Ohio EV startup Lordstown Motors revealed its first electric pickup truck, the Endurance, for the first time today at an event that featured Vice President Mike Pence.
The truck, which is aimed at the commercial market, will start at around $52,500. It’s powered by four in-hub electric motors that give it not only all-wheel drive but the ability to independently deliver differing amounts of torque to each wheel, which especially helps when driving off-road or in poor conditions.
But other than that, very little is known about the Endurance. Despite unveiling a prototype version on stage, the company is keeping mum on practically all of the relevant specifications. Nothing much was said about the battery pack, range, charging time, or performance during the hour-long event…
“There are a lot of noteworthy things about the Koenigsegg Gemera, one of the craziest vehicles to come out of the Sweden-based high-performance car manufacturer. It’s insanely quick, it produces 1700 hp, it seats four, it even has anchor points for child seats. The most exciting feature about the Gemera, however, is its infotainment system, which is inspired by the Tesla Model 3.”
Tesla Cybertruck’s insane design is going to be updated for the production version, and we now get to see what it could look like based on recent comments by Elon Musk.
Over the last week, CEO Elon Musk has made several comments regarding the Tesla Cybertruck.
He talked about how owners will need to wrap the electric pickup to get different colors, and he said that Tesla is updating the Cybertruck’s adaptive air suspension.
Musk has said before that “there’s more” to the Cybertruck and “It’s better than people realize.”
Tesla is updating several aspects of the electric pickup for the production version compared to the prototype unveiled last year.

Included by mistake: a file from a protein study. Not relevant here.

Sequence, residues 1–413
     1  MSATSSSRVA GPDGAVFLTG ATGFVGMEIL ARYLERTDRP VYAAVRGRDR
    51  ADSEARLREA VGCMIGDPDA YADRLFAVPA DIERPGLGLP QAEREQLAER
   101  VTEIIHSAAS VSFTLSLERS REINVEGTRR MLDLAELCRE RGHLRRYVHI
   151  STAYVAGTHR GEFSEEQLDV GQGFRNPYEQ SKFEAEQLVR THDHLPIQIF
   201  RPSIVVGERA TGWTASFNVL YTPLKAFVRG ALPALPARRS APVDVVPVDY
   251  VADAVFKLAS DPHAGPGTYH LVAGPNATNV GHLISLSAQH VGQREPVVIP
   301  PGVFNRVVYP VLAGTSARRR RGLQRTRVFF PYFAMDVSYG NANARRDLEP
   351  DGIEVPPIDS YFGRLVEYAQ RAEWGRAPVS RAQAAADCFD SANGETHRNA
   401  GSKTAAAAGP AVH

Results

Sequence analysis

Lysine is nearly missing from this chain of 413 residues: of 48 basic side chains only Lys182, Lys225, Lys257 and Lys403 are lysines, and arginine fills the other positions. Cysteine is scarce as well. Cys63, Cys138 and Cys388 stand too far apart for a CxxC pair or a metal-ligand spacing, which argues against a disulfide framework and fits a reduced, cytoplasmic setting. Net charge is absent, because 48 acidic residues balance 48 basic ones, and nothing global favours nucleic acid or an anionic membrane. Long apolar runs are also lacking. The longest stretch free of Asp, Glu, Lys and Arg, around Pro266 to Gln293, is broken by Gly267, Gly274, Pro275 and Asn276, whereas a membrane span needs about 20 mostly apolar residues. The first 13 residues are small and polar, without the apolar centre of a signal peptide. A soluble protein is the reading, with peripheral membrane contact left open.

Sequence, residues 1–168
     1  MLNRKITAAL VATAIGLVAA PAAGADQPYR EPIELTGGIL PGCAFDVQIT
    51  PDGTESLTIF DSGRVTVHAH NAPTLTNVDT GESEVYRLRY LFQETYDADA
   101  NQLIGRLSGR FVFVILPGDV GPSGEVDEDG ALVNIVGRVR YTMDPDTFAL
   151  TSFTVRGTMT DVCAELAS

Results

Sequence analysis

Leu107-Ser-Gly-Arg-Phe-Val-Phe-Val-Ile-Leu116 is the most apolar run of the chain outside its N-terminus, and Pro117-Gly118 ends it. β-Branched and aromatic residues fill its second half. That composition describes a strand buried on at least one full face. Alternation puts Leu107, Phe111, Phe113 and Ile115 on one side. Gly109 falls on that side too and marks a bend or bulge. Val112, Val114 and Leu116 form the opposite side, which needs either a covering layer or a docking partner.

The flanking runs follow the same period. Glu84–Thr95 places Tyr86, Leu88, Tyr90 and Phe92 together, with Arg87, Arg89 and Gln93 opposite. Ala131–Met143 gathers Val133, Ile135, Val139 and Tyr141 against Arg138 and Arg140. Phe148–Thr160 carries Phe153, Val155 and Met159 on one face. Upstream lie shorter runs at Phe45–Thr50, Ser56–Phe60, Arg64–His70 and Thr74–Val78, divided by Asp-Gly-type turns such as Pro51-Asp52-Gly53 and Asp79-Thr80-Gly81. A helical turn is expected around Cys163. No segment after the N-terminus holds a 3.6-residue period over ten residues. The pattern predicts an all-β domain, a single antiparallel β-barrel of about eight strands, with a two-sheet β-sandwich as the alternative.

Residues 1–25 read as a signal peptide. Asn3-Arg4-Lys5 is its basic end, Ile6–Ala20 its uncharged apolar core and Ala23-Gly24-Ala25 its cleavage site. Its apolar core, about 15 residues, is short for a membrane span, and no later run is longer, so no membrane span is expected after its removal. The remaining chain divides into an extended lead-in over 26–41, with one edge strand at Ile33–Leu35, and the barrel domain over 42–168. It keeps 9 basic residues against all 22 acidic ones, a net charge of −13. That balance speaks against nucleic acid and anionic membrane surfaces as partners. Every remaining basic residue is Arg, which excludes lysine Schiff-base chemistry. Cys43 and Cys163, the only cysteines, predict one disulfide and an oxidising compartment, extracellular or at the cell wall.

Earlier this week, Musk was asked what the biggest change is to Cybertruck from prototype and he responded that Tesla “reduced the size by ~3%,” made the “center line more level,” and “lowered the window sill height.”
In the winter it’s important to that everything is working as normal. If it is not, you might walk out to your car one morning and find it doesn’t start. It’s especially likely on a very cold morning. There could be another reason for the drained battery, such as the lights being left on it, but whatever the reason, car batteries do get run down.
Warning! Not all Cars are Alike!
A word of warning though, it is vital that you check the procedure in your manual carefully before attempting it. What follows is merely a guideline, because auto makers sometimes crowd the battery into a space that won’t allow you to access both posts. So, you may need to verify the exact procedure for your model of car.
Also worth noting, you would not jump start an electric car, but if you are attempting to jump a car with an electric car, you’ll need to follow the specific directions for that vehicle.
Before attempting to jump a car make sure the battery isn’t completely dry, frozen, corroded, leaking, or damaged.
Never let the metal leads touch each other, and never hold the leads by the metal parts.
Boosting a car battery (also known as a safety jump) is done by attaching red and black cables correctly. You may think that both sides of the dead battery should be attached to the live battery in the other car but if you do that it will cause an explosion.
- First, clamp the plus (red) wire to the dead car battery by clipping it onto the metallic + post (aka terminal) at least 30cm up the post from the battery top.
- Second, connect the plus (red) wire to the donor car (the live battery) by clipping it onto the metallic + post (aka terminal) at least 30cm up the post from the battery top.
- Third, clamp the black, negative wire to the dead car battery in similar fashion.
- Forth, clamp the black, negative wire to the live (donor car) battery.
You then start the engine of the car, obviously the donor car, and let it idle and feed electricity to the dead car’s battery for a few minutes. The car with the dead battery will not start straight away after a boost; it is more like a car starting in cold weather. If it still doesn’t start you may need to start pushing it, or revving the engine on the giving car.
There is a possibility for complications for the car which is being boosted, such as having their battery drained. It could even cause some kind of electrical issue with your battery. It is vital that you check the procedure carefully before attempting it.
The Electrical Charge Gauge
In some cars the dashboard may have a gauge for the alternator. This gauge will indicate what you might think of as electrical pressure (not a technical term), when a boost is taking place. These could be found in various places such as near the radio slot or on the “side pillar” near the driver. It is similar in looks to the speedometer. Functionally, most of the time you’ll easily start the car and not engage with this gauge, but if you aren’t able to start your car this gauge may help in diagnosis.